Abu Dhabi: Mustafa sits behind the wheel with his hands turned upward as his taxi rolls by itself, bringing the UAE one step closer to a self-sustaining future.
The “security guard” is part of a trial for driverless taxis in the capital Abu Dhabi, where customers can be picked up and dropped off at nine predetermined locations on Yas Island.
So far, the race has gone smoothly, said Mustafa, with no incidents requiring major intervention.
“In recent days, most customers have ordered taxis at the mall or hotel,” he told AFP.
Bayanat, a subsidiary of Abu Dhabi-based technology company Group 42, launched the trial of four driverless vehicles, two electric and two hybrids, last month under the name TXAI.
A second phase will include at least 10 vehicles and multiple locations in Abu Dhabi, the company said. Customers can order vehicles using the TXAI app.
Robotaxis have been tested in various locations around the world in recent years, but commercial use of the vehicles has so far been tentative.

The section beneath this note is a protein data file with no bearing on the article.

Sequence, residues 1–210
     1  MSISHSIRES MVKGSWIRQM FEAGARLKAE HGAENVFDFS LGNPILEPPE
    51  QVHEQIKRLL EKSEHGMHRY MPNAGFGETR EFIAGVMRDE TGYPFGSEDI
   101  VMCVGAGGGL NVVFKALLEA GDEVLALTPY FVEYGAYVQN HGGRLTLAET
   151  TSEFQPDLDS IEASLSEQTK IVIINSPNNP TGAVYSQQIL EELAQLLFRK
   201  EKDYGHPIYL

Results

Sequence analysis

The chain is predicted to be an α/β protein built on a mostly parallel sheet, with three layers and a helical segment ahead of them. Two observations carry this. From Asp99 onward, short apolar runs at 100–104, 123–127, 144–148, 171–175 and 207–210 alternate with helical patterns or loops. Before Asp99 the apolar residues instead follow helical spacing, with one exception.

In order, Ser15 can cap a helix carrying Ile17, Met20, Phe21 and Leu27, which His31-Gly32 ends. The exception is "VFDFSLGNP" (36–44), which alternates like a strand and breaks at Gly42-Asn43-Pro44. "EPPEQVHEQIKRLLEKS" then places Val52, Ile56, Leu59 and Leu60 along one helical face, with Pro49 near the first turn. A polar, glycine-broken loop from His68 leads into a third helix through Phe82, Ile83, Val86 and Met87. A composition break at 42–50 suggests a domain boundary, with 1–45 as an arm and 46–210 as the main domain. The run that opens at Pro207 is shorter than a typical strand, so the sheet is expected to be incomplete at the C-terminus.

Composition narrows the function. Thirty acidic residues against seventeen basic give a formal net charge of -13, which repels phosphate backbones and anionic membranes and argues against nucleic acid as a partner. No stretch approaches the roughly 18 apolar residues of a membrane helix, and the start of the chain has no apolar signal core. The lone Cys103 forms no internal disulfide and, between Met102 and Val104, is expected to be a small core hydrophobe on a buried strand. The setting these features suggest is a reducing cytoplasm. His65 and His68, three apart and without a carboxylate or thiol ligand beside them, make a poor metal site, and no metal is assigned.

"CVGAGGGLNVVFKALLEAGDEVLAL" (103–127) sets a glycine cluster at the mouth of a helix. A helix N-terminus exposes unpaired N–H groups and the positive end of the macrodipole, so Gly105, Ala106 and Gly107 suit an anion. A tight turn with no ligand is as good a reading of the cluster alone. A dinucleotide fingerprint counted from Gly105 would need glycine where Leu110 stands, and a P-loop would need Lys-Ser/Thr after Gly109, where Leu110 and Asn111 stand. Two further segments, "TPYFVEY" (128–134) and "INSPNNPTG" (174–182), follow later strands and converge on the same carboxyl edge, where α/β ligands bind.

Last month, autonomous taxis were deployed in Beijing, but also with a security guard in place of the driver in the event of an emergency.
Bayanat CEO Hasan al-Hosani said the removal of security guards would be a major step.
“The milestone for moving from L3 (where a security guard is present) to L4 (without a security guard) would be important,” Hosani told AFP.
“The vehicles are already operational … We are working with the authorities to further expand our area of ââoperation geographically, as well as to upgrade to the L4 level.”
Abu Dhabi is not the only member of the United Arab Emirates considering a driverless future.
Neighboring Dubai has said he wants 25% of all transport to be driverless by 2030, reducing costs, pollution and accidents.
Dubai aims to launch a small fleet of self-driving taxis by 2023, according to state media, with plans to reach 4,000 by 2030.
The change is expected to affect taxi drivers, the vast majority of Asian migrant workers, in a country where foreigners make up 90 percent of the 10 million population.
The UAE last month approved a temporary license to test self-driving cars on the roads, but there is no federal legislation governing self-driving vehicles yet.
This remains one of the biggest obstacles.
âThis technology is new and regulations relating to security and other operational aspects are being developed in real time,â Hosani said.